I have always been interested in image processing since my Computer Science and subsequent employment in document management systems. For my final year project, I failed in the ultimate aim simply because back then there just was not the grunt in the box to keep up with detecting and tracking moving real world objects and process the data quick enough.
That was over 20 years ago and time and hardware have moved on considerably. So as a bucket list idea I wanted to create a motion tracking system.
And fit it out with Fricken’ Lasers.
But, we are moving ahead too quickly. I haven’t even got a machine to run it on yet. Given that it must have Frickin Lasers, I needed an easy way to do signal IO (Input/Output) from a port on the machine. IO boards for PCs were pretty expensive, and given that this is an experimental project I did not want to risk frying my high end monster of a PC by plugging in cheap Chinese crap that I may have wired up wrong in any case.
Enter – the Raspberry Pi. Cheap as chips at around 25-30 quid for a 2B+ model, all you need is an SD card and somewhere to plug it in and you are away. They also do video cameras at a low cost, less than 20 quid for a camera and they also do an IR edition of the camera itself – basically the same as what you have in your mobile phone but with the filter missing so it is sensitive to IR spectrum radiation. Handy for a burglar alarm device, that.
There we go, sorted. And as it runs on 5v, you can run it on batteries and put it anywhere you like. Aside from the IO ports, Pi’s also have USB slots so you can plug in keyboards and other peripherals. On board wifi too once you have set it up.
This isn’t an article about the Pi, there are hundreds already written. For a step back into a “proper” computing set up (for tech dinosaurs such as myself) the environment is pretty nifty for 30 quid. It is aimed at the educational and crazy old techie in a shed hobbyist markets and it is quite remarkable what you can do with one.
For around 50 quid I now have my test bed of computer, camera plus a load of free tools to program and test with. Raspberries run a variant of Loonix Linux that is softened a bit for n00bs like myself to make it a bit more out of the box and working than Linux usually is.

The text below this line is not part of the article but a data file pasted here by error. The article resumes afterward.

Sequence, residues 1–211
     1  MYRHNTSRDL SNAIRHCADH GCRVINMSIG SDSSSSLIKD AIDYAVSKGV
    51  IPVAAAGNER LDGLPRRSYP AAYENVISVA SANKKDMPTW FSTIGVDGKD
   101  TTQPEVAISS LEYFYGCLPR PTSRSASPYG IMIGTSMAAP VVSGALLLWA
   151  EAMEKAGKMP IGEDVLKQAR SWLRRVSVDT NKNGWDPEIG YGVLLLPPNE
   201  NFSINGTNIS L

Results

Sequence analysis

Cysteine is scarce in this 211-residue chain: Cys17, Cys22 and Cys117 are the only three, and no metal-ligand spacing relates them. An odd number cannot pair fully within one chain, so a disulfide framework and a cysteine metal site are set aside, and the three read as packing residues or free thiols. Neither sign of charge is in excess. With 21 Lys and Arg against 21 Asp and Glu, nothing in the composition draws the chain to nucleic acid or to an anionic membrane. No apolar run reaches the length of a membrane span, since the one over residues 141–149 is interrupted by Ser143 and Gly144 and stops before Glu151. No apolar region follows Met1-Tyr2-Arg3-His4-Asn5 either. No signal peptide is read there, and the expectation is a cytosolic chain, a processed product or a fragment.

All fired up, and ready to go.
Numbers and techie faffing about
The basic algorithm for motion detection is pretty straight forward: connect to a video source and start getting images. Now, a video input is not really continuous, but more a series of quantised data – a single still like a photograph, followed by the next, and the next. These are called frames and they are the basic block of an image stream.
There are countless ways of compressing and expanding these as passing data around is expensive, whether that is just on the motherboard bus or over the internet. You can get what is called a key frame which is the whole frame followed by a series of delta’s that just modify the original picture a little so it looks like the next frame. If the delta gets too expensive to isolate from the picture you have, then just send another key frame (a whole frame), or just have a rule “every 10 frames is a key frame” and not worry about it.
That sort of mucking about is quite unsuited for my purpose– what I want is a series of image stills so I can compare the last frame to the current frame and work out what has changed – this is the “movement” that I need to detect.
Now, computers can only store numbers and they do so in a linear fashion, one number after each other in a line. So in order to be able to do this, we regard an image as a series of dots called pixels. Each pixel – the smallest component part of an image, needs to know what colour and how bright it is so we can turn something that can be stored on a computer into something that can be seen.
There are numerous ways of describing a pixel – and there is always a tradeoff in terms of how to describe it. If we had a simple black and white image, we could say that number 0 is total black, and 255 is total white, and everything in between is a shade of grey, getting lighter as our number gets higher and closer to 255.